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Bike Maintenance Tips

Marc Sanchez

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Chuck Cowen's bike repair shop
(Marc Sanchez)
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Today's Bike Safety Rodeo in Naperville. Ill., is part of National Bike Month -- and it is not just for kids. A lot of grown-ups are taking up bicycling as a way to get from here to there without paying $4 or more a gallon. And it's a great way to get some fun and exercise.

Perhaps you've been thinking about getting back on that rust-colored thing that's been leaning against the side of your garage for six years. But every time you look at it, you see all the fixing-up you'd have to.

So let us help you! We asked Minneapolis-based bike shop owner Chuck Cowen to give some tips on fixing up that bike:

The main thing people should look for is making sure the safety features on the bike work. Making sure the brakes work. For bikes that have been sitting around for a long time, you really have to watch out for dry-rot on tires -- especially if they've been sitting out in UV rays, they can blow out very easily.

Also, bikes that have been sitting out in the weather can get a little rusty, which can make your brakes not work that great. That's something you'll want to get checked out as soon as possible. Most of the other stuff, you should bring it by a shop and have a general safety check. Make sure all the nuts and bolts are tight.

There's a little maintenance every year you'll have to do. The initial cost of a new bike is $500 or so, depending on what you want to spend, what's comfortable for you. The amount of money you're going to save in gas, daily, and parking fees -- especially if you work in the downtown areas -- is going to be substantial. Riding a bike will pay for itself in a year, at least.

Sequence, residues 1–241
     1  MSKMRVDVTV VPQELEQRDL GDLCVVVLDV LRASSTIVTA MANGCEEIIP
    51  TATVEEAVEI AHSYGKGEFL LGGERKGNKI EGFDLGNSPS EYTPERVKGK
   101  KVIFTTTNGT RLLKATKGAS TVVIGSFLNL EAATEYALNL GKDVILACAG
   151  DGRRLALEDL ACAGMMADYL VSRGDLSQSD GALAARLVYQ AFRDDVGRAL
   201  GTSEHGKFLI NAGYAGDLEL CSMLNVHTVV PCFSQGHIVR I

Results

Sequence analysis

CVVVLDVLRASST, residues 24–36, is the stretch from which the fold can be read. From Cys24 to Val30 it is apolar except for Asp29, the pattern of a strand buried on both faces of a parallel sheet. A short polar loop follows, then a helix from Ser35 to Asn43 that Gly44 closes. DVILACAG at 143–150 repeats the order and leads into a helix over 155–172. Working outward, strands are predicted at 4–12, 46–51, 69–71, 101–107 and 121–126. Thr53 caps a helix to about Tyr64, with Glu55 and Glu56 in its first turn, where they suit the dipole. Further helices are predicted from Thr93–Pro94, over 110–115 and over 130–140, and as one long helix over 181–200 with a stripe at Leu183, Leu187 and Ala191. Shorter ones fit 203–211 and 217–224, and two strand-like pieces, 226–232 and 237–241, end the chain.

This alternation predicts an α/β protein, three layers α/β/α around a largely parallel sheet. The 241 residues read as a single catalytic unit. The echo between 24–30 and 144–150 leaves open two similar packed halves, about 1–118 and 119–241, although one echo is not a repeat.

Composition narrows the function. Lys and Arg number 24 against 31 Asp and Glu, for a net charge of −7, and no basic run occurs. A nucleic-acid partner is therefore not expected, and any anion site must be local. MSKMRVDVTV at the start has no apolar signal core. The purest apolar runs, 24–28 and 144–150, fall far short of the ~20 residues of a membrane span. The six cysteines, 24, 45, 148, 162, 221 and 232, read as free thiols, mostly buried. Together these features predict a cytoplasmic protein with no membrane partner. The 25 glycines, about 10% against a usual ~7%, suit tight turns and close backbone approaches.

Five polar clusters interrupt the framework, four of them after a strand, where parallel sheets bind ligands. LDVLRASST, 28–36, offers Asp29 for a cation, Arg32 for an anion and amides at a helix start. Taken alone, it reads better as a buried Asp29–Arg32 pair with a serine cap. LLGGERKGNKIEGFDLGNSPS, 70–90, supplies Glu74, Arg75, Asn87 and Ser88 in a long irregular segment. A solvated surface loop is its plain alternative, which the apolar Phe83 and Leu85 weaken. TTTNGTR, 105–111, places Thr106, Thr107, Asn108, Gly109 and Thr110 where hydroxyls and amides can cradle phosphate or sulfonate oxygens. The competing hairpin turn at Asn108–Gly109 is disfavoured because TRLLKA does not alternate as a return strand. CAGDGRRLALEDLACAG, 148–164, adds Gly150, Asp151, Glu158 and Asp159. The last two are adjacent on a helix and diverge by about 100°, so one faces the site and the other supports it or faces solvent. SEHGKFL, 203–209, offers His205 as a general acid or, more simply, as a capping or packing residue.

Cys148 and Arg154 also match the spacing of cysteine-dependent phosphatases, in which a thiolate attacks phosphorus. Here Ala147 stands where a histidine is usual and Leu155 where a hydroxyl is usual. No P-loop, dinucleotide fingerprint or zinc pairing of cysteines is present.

If it's been a while since you've been on a bike, or you've got your old bike out, or you're going to get a new bike, some of the things you need to watch out for are inattentive drivers. Most vehicles don't think that bikes have any right to be on the road, so be aware of that. But you do. Make sure, if you're riding at night, that you're plenty visible -- maybe some tires with reflective sidewalls, front and rear lights, maybe a safety vest. You should probably be wearing a helmet.

You should try to find the bike lanes that are easiest to get you to and from work or the grocery store. Just be aware of your surroundings, as far as traffic, potholes in the road, lights and stop signs at intersections. It's not as hard as it looks. It's very easy. If you have anywhere from a mile to a 10-mile commute, you're going to be there before you know it. And, you probably won't even break a sweat.

Oh, and it's going to be super-fun to ride your bike back and forth to work. It's a lot easier than you think it is. You'll feel good at the end of the day. And after a couple of months, you'll be getting there in half the time than when you started.

  • Music Bridge:
    Hi-Fi Gets A Pounding Pt. 3
    Artist: Dub Syndicate
    CD: The Pounding System (On U Sound)


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  • By Culla Akins

    From Little Rock, AR, 05/21/2008

    Amazing!! Chuck Cowen was SO informative and impressive..AND he is my dear son-in-law to boot! I really
    really am blow away! Wow... NPR!

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